Thursday, February 2, 2012

Physical and Mental Borders in U.S. History

This semester, most of my other classes are talking about borders, both the physical, geographical border of a nation-state, and the mental borders that occur between groups of different classes, races, abilities, etc... within a nation-state. This framework of thinking about borders in terms of a mental or social environment made a lot of sense for me with the Annette Gordon-Reed article. I think her interpretation of Sally Hemings and Thomas Jefferson was particularly eye-opening, and controversial in that it attempted to break the commonly understood border between slave-owning white men and slave women, namely that any sexual interaction between the two groups must be rape.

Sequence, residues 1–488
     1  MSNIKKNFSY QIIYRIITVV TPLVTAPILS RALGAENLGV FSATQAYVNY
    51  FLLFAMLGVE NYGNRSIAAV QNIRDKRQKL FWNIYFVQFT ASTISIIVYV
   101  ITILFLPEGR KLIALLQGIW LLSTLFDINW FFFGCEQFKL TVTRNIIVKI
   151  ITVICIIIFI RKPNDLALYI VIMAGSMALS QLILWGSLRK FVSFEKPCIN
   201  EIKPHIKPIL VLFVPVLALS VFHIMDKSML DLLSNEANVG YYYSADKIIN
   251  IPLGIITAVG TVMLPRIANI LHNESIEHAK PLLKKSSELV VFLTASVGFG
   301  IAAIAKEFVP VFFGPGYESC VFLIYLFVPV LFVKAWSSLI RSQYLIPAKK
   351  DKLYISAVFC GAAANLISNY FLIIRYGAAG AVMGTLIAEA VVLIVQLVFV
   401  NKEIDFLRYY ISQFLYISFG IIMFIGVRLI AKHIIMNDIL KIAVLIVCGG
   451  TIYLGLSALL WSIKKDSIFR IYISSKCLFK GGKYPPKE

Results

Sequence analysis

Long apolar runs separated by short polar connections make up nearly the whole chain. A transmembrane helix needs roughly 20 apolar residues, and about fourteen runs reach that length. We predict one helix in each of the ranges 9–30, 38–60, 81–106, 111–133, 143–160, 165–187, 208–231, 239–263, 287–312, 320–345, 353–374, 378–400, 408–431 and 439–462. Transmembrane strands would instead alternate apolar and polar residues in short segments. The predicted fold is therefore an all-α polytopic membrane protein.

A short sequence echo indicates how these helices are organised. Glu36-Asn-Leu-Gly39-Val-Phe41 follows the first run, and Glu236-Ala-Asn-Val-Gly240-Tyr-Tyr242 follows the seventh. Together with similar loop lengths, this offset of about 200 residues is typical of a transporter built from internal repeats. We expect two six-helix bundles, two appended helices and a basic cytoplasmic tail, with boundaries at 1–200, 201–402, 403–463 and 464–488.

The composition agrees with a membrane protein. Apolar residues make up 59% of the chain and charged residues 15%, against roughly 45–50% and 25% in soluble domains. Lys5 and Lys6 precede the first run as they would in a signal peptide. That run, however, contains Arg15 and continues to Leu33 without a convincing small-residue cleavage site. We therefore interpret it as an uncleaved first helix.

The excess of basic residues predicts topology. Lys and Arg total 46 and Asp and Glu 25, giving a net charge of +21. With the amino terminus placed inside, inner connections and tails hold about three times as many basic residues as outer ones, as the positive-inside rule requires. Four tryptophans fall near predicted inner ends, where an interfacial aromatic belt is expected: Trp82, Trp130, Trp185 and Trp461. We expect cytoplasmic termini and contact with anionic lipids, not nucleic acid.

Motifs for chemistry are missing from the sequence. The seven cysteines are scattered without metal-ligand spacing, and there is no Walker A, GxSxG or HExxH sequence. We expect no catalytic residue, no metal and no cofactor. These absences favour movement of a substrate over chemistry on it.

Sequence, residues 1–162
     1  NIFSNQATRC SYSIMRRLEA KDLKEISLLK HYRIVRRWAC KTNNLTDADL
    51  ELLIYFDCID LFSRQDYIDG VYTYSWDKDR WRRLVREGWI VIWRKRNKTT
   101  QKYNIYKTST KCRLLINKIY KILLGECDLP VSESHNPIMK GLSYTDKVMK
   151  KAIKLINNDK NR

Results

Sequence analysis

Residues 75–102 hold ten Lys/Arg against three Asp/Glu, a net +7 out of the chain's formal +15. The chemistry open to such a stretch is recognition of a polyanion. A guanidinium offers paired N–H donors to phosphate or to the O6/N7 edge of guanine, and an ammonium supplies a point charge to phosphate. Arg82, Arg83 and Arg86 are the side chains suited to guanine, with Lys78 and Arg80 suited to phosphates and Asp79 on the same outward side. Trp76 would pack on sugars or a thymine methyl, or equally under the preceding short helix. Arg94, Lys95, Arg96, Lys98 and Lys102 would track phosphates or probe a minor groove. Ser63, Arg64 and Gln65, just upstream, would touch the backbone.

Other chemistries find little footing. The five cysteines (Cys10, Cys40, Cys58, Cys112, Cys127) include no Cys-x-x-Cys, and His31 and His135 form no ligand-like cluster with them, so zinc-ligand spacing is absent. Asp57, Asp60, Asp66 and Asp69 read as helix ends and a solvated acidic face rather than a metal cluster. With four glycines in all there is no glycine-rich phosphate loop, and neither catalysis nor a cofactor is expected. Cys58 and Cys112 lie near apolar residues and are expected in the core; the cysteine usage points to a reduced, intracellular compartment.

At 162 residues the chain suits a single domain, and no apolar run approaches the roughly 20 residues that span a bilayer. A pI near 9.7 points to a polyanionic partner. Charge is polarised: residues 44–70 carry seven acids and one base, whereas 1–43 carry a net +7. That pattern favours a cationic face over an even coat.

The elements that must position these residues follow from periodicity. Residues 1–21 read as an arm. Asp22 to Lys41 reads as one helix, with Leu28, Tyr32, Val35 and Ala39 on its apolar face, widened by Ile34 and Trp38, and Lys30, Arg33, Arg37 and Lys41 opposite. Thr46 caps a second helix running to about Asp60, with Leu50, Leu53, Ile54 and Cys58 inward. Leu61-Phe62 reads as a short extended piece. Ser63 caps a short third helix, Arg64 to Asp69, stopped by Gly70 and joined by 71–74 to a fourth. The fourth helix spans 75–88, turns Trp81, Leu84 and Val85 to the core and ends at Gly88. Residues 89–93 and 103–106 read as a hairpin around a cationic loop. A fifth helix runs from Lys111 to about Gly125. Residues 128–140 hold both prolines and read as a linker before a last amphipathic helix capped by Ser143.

Last week, I read a book called "The U.S.-Mexican Border into the 21st Century" by Paul Ganster and David E. Lorey, and while the book was pretty dry, and I wouldn't really recommend it again, it did provide an interesting conception of what a border is and can be. In discussing the U.S.-Mexico border, the two authors explored at some length the fluidity of even the physical border as new technology came along (i.e. railroads) that expanded the influence of the border region and the products/people that traveled across it. If the physical border, and the understanding of what the "border region" meant varied so widely, then the mental borders within U.S. and Mexican societies varied even more. In "This Land Was Mexican Once" by Linda Heidenreich, another book I've been reading for a different class, Heidenreich talks about the ways in which racial classifications changed and with that the understanding of where a person fits in society. Mestizo people in Alta California had the ability to buy their way into higher classes of society, through marriage, military office or capital. I think that this concept can be applied back to Sally Hemings and to other slave women, who may not have been in entirely non-consensual relationships, even with the no-consent rule. By becoming the wife, or life partner in some capacity, of a white, influential male, Hemings challenged the border both of what was expected at the time as well as what historians expect now of relationships between slave women and slave owners. I think this idea of borders, in both a physical and social sense, will continue to be important as we investigate Chicago, New Orleans and Los Angeles and their diverse histories.

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